You can buy insurance, in the sense that you can write penalties into the contract for failures to meet defined service levels, but there are serious limits to the value of these. If you've bet the farm on the outsource, your own claims process infrastructure will be gone, after all.

That leaves reducing the damage.

If it's possible given the nature of the outsource: Establish a progressive roll-out, with clear criteria for making go/no-go decisions after each new segment of the business has been handed to the outsourcer. That reduces the damage in two ways. First, you aren't betting the farm all at once; second, you don't eliminate your in-house capability until you're sure it's going to work.

If this was a systems conversion we'd be calling this an incremental implementation with a roll-back plan. Same principle. Outsource in stages and make sure you can undo the outsource if it isn't a clear success.

Alignment of purpose: It's worth asking if everyone agrees as to the point of all this -- whether it's to be less filling or to taste great.

There are six possible goals for this sort of thing. They aren't mutually exclusive. They also aren't mutually reinforcing. They're the six optimization parameters for any business process: Overhead cost, unit cost, cycle time, throughput, quality (absence of defects; adherence to specifications), and excellence (flexibility, ability to customize or add unique, value-adding features to products and services).

The main benefits a company gets from outsourcing are usually:

  • Reduced overhead: You get to dismantle infrastructure, transferring the overhead to the outsourcer.
  • Reduced transaction (unit) cost: The outsourcer has economies of scale you lack.
  • Improved quality: Because the outsourcer operates according to defined rules with a much reduced ability to apply discretion, nuance and judgment to situations, fewer claims will be out of tolerance.
The primary process tradeoff is reduced excellence: It's the flip side of improved quality. The flexibility of the process will be significantly reduced. The primary business trade-off is, as already mentioned, the risk that the outsourcer won't deliver.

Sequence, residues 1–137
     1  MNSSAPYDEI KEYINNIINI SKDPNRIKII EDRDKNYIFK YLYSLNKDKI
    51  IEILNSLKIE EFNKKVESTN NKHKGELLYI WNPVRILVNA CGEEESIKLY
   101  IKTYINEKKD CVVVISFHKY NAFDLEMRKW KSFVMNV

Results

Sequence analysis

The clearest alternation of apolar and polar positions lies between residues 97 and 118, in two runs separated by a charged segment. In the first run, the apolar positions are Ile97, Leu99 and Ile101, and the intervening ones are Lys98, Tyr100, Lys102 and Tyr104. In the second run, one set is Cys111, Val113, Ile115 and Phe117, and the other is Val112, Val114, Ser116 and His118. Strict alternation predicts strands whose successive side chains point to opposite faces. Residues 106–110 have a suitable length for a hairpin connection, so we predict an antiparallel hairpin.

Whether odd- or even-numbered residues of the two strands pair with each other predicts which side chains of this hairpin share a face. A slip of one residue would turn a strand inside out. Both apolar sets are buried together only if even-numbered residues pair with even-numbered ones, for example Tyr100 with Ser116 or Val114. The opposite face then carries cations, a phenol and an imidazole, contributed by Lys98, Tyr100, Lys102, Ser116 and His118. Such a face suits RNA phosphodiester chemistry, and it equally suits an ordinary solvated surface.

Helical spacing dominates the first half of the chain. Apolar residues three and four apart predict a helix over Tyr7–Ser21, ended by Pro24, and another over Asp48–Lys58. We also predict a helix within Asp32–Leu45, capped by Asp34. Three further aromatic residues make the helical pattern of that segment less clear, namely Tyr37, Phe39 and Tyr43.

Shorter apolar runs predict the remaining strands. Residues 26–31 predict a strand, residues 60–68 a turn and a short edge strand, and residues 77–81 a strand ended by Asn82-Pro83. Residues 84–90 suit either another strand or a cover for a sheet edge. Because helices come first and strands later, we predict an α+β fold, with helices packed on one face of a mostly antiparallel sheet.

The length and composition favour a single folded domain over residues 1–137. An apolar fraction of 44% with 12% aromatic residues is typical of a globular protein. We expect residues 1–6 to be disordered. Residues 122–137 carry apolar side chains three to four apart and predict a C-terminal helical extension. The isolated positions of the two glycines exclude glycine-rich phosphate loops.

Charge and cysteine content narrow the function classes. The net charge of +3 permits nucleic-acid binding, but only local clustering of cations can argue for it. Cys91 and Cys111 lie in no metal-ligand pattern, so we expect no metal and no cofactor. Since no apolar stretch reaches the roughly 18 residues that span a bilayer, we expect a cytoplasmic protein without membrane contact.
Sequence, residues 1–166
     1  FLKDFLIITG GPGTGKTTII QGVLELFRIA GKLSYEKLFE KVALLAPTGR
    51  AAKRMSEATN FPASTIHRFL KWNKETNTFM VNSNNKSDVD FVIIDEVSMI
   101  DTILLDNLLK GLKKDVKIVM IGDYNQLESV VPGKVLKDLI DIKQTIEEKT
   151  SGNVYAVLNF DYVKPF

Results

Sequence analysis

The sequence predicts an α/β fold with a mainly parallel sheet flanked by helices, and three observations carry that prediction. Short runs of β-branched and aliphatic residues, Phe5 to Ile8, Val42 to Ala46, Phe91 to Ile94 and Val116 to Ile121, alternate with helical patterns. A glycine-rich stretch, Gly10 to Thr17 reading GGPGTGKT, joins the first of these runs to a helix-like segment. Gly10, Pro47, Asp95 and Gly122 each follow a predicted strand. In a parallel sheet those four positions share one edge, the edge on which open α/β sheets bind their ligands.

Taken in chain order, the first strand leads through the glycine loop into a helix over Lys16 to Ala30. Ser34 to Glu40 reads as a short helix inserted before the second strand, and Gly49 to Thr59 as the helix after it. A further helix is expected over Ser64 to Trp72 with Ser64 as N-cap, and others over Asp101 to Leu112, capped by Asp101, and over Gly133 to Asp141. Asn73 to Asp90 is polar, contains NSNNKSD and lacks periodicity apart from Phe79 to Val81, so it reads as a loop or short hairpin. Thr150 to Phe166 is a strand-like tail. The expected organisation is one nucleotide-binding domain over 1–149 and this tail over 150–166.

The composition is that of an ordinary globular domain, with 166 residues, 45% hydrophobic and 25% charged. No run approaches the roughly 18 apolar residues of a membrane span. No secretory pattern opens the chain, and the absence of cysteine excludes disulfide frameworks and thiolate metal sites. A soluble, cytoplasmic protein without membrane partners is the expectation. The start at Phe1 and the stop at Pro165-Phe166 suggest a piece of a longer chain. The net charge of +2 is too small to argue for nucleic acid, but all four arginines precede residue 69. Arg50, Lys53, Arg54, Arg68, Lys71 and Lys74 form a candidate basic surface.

If you haven't already done so, make sure everyone involved in the decision agrees as to what you're looking for: Reduced overhead, reduced transaction costs, or improved quality. ("We want all three." "That's fine, how do you rank them in order of importance?")

It's entirely possible at least one decision-maker has a different goal entirely -- the desire to make this business function Someone Else's Problem. It wouldn't be the first time a business outsources something for the wrong reason, and this is definitely the wrong reason. Managing an outsourcer is no easier than managing an internal executive. Far from it.

Making sure everyone has the same goals is important for when the most likely outcome happens -- results that aren't good enough that the outsource is considered a spectacular success, but good enough that you can't easily decide it's a failure.

One last point: I'd strongly suggest your CEO establish a clear rule in advance, which is that a tie goes to internal processing. If it turns out the financial benefit is neutral and quality is as good but not significantly better, then you cancel the contract in order to eliminate the future risk of the outsourcing relationship going sour.

Big decisions are hard decisions. Big consensus decisions are even harder. I hope this helps guide your company's executives through it.

- Bob